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Could someone tell me that what @{hash{$key}} means? and whether I was it right when I wrote @{hash{$key}}[$i]=$list[$i+1]?

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2 Answers 2

@{hash{$key}}

is a weird way to write

@hash{$key}

This is called a hash slice. It allows you to fetch multiple values from a hash in one go. For example,

say for @hash{'a', 'b'};

means

say for $hash{a}, $hash{b};

So it's rather silly to use

@hash{$key}

instead of

$hash{$key}

@{hash{$key}}[$i]=$list[$i+1]; doesn't compile, so no, it wasn't correct to use it.

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As ikegami explains, @{hash{$key}} is a hash slice (of only one element).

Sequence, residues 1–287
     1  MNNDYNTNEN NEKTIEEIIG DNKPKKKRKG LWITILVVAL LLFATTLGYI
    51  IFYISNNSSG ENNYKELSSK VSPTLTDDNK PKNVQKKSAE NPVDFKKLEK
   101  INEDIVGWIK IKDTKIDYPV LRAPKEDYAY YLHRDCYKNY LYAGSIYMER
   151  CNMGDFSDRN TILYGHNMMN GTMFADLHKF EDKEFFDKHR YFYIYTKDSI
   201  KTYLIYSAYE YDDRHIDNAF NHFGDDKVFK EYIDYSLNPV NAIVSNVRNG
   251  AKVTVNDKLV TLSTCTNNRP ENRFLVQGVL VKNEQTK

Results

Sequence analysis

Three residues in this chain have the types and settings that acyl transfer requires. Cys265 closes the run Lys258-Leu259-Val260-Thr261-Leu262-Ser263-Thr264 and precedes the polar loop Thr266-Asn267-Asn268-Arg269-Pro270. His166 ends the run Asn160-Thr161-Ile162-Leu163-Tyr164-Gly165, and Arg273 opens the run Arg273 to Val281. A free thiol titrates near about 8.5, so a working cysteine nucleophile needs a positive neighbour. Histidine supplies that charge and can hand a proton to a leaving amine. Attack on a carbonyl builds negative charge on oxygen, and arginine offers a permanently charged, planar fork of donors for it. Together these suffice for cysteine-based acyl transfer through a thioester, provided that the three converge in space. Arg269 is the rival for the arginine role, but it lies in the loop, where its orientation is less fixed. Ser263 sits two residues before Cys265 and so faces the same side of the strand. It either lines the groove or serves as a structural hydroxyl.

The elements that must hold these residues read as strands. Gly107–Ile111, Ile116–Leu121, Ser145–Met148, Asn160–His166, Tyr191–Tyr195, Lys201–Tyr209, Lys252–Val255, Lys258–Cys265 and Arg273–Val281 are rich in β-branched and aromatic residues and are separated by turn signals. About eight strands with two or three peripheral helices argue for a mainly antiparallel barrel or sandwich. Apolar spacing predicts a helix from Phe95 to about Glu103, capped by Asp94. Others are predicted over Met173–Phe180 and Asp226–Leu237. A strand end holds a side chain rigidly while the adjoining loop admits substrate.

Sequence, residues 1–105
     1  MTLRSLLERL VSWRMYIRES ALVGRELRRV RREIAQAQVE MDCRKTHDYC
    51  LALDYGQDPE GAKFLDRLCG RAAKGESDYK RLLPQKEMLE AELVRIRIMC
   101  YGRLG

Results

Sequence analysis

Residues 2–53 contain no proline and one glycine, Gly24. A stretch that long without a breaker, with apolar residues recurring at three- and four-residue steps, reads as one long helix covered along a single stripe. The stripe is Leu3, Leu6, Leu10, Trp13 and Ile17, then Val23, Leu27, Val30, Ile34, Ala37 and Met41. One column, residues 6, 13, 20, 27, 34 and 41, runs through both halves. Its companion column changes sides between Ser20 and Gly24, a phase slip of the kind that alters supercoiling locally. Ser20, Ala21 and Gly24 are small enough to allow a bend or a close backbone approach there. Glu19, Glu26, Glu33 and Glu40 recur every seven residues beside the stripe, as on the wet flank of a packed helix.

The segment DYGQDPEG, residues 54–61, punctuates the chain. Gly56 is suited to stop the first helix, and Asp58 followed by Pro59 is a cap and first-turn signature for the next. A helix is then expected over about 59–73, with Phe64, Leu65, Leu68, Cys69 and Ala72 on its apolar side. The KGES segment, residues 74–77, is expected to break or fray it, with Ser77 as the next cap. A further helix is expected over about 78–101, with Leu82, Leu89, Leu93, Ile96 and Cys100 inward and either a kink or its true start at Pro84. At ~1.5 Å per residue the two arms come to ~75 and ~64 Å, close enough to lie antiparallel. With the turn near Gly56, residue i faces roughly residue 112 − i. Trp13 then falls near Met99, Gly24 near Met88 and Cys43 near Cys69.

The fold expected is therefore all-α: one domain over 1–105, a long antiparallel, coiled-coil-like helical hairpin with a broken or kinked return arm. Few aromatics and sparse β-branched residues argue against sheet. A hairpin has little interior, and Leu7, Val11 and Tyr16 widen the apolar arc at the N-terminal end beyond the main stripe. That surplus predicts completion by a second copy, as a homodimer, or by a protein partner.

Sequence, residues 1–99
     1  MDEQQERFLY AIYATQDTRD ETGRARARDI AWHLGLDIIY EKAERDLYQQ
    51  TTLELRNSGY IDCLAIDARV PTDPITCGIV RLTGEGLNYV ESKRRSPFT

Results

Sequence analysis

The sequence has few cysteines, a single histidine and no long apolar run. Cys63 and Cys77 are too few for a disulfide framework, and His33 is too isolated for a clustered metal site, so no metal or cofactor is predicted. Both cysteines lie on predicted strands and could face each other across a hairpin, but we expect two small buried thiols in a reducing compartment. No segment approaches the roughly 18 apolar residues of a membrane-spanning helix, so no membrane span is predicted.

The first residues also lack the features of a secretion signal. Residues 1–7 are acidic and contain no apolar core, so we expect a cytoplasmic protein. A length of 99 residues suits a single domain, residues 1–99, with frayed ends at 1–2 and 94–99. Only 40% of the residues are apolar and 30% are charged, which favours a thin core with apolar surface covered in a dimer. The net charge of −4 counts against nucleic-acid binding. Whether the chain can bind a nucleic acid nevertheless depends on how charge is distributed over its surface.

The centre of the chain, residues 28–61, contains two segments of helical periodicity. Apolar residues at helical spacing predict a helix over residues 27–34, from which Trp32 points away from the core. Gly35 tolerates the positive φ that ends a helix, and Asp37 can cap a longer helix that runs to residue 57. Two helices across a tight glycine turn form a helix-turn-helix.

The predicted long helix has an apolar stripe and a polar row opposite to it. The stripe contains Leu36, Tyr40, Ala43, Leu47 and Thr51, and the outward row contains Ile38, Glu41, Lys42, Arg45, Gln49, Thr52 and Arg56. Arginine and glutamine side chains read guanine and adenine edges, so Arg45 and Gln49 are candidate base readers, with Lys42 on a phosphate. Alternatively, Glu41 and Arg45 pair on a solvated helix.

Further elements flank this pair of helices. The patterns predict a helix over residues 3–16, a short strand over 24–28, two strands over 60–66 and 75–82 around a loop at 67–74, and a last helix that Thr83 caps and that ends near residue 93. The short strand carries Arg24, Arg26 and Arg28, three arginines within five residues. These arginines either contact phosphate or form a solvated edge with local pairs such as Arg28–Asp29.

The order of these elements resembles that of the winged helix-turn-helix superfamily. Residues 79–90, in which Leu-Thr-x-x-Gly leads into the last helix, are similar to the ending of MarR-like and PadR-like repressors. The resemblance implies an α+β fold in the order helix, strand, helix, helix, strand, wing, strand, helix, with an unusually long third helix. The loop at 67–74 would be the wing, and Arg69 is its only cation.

It is likely that you want this instead: @{$hash{$key}}. If each element of your hash is an array reference, this syntax would allow you to access the array.

For example, suppose your hash contained arrays, like this:

my %hash = (
    foo => [1, 2, 3, 4, 5],
    bar => [qw/baz sproing blargh/] 
);

@{$hash{foo}} would be (1, 2, 3, 4, 5)

If that is the case, then this syntax would work:

${$hash{$key}}[$i]=$list[$i+1]

Note that you are only accessing an element of the array, not the whole array. Thus you use ${$hash{$key}} instead of @{$hash{$key}}.

Another way of doing the same thing is this:

$hash{$key}->[$i]=$list[$i+1]

The -> syntax for dereferencing is often preferable to ${...}, because it is cleaner, especially when you have a complex data structure.

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